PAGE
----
A LIGHT AND SCANNING ELECTRON MICROSCOPY STUDY OF PLACENTAL VILLI ASSOCIATED WITH OBESITY AND HYPERTENSIÓN
Olivar Clemente Castejón Sandoval y
Angela Josmar López González
Laboratory of Electron Microscopy. Center for Research and
Analysis Assistancel Teaching of the Nucleus Aragua (CIADANA).
Faculty of Health Sciences. University of Carabobo
Aragua State. Maracay. Venezuela.
Rev Electron Biomed / Electron J Biomed 2013;2:29-36.
Objetivo: El propósito de este estudio fue examinar la estructura de la vellosidad placentaria asociada con obesidad e hipertensión usando microscopia de luz y de barrido.
Metodos: Dos placentas a termino de mujeres embarazadas asociadas a nacidos muertos fueron tomadas para análisis microscópico. Embarazadas pesaron 75 y 85kg y su hipertensión con mas de 90-150mm Hg. Edades de 39 y 41 respectivamente fueron y pesos placentarios de 600 y 650 Vellosidadesgr después de drenar la sangre durante 30 minutos post parto. Cinco fragmentos fueron tomados por cada placenta y evaluada con microscopis de luz y de barrido.
Resultados: Vellosidades troncales mostraron vasos obstruidos con daños en las paredes. Tejido reticular bajo el sincitio fue un hallazgo permanente. Abundan las vellosidades intermedias inmaduras. Cambios degenerativos severos se notan en la periferia de troncales. Vellosidades fibroticas, intermedias maduras pobremente desarrolladas, terminales filiformes, corangiosis, deposición de fibrinoide y vasodilatación fueron encontradas. No se observa inflamación y arborización fue vista muy escasa.
Conclusiones: Estos resultados indican inmadurez persistente, bajo grado de maduración y cambios degenerativos afectando la estructura de la vellosidad sin inflamación contribuyendo probablemente con la muerte fetal.
PALABRAS CLAVES: Microscopio de luz. Microscopio Electrónico de Barrido. Vellosidad placentaria. Obesidad. Hipertension.
The aim of this study was to examine the structure of the placental villi associated with obesity and hypertension using light and scanning electron microscopy.Two placentas at term obtained of woman pregnancy associated to stillborn were taken for microscopical analysis.
Woman pregnancy weighed 75 and 85 Kg as body mass index and their hypertension with more of 90/150 mmHg. They had 39 and 41 years old. The placental weights were 600 and 650 gr respectively after of draining all their blood during 30 minutes post delivery.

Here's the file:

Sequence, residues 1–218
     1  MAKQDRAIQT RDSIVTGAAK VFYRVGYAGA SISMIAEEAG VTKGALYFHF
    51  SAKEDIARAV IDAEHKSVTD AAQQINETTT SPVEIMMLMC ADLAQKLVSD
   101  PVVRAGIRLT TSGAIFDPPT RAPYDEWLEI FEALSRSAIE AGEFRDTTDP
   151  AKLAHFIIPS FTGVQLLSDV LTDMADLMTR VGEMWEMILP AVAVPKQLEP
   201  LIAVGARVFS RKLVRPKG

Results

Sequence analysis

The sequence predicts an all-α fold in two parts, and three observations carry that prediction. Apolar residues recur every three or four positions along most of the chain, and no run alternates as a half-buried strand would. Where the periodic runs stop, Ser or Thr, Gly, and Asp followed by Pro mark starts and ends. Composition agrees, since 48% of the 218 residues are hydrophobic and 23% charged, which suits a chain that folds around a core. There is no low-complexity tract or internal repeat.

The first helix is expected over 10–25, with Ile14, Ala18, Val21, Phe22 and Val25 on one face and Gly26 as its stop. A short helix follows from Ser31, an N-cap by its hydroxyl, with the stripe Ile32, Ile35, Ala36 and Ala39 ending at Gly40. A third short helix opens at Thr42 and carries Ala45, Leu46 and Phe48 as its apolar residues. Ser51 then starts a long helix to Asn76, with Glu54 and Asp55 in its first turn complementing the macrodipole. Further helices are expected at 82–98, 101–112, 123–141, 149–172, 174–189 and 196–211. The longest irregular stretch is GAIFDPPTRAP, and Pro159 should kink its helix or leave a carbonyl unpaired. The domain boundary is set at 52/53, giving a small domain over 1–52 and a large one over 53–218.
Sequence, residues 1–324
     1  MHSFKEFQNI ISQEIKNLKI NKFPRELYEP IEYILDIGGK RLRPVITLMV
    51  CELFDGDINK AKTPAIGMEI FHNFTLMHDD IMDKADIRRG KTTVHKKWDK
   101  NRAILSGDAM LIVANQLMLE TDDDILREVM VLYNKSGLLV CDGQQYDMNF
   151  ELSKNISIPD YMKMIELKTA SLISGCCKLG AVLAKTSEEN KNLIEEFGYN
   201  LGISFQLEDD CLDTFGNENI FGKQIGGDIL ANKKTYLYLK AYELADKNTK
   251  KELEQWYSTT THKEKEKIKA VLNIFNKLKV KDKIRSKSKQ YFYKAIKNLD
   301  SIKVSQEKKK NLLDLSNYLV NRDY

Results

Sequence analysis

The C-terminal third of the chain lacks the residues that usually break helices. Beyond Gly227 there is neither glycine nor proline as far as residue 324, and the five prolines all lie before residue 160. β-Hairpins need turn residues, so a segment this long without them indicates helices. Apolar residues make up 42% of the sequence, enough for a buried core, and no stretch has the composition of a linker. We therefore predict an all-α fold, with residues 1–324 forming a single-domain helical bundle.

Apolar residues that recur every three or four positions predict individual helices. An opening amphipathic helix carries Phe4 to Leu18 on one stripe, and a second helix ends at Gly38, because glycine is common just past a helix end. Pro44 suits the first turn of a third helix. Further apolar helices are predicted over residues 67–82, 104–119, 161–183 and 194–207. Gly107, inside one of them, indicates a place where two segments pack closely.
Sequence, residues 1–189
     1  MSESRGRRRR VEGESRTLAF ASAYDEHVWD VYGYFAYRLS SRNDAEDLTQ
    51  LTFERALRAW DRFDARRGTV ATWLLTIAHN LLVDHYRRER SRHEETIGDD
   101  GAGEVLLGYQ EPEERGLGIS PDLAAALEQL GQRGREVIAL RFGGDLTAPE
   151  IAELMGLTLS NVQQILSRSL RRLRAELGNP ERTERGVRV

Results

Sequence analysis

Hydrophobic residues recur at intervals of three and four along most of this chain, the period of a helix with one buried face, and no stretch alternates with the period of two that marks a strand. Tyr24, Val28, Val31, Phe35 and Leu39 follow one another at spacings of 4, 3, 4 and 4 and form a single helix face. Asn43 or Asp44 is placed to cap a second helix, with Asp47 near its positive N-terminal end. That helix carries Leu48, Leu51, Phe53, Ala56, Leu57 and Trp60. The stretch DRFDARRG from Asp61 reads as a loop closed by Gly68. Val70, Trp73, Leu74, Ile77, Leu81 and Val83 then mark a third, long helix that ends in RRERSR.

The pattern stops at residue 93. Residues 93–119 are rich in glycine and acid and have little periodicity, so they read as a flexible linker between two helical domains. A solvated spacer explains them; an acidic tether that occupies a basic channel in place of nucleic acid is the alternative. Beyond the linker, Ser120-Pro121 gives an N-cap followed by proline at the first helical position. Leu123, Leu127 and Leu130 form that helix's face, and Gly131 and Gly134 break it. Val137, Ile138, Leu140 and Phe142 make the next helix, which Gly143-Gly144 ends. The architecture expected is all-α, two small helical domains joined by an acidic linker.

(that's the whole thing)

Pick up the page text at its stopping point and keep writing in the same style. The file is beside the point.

Five small fragments were taken by each placenta and evaluated with light and scanning electron microscopy. Stem villi showed obstructive vessels with damage in their walls and reticular tissue under the syncytio was a permanent finding. Immature intermediate villi were frequent. Severe degenerative changes are noted in peripheric stem villi. Fibrotic villi, very poor developed mature intermediate villi, filiform terminal villi, corangiosis, deposition of fibrinoid and vasodilatation were found in placental villi. No inflammation and low arborization was seen.
These results indicate immaturity persistent, low maturation degree and severe degenerative changes affecting the structure of placental villi without inflammation.
KEYWORDS: Light and Scanning Electron Microscopy. Placental villi. Obesity Hypertension.
Maternal obesity is a frequent obstetric risk factor, linked with short and long term consequences for mother and child, including fetal overgrowth and stillbirth 1. It is associated with increased risk of hypertension. This complication of pregnancy also has been linked with increased incidence of fetal intrauterine growth restriction and pre-eclampsia 2.
In a non human primate model of excess nutrition there was a statistically significant reduction in uterine volume blood flow and increased frequency of infarctions, calcifications and syncytial knothing. In this study was observed that maternal high-fat diet disturbs utero placental hemodinamics and increases the frequency of stillbirth3.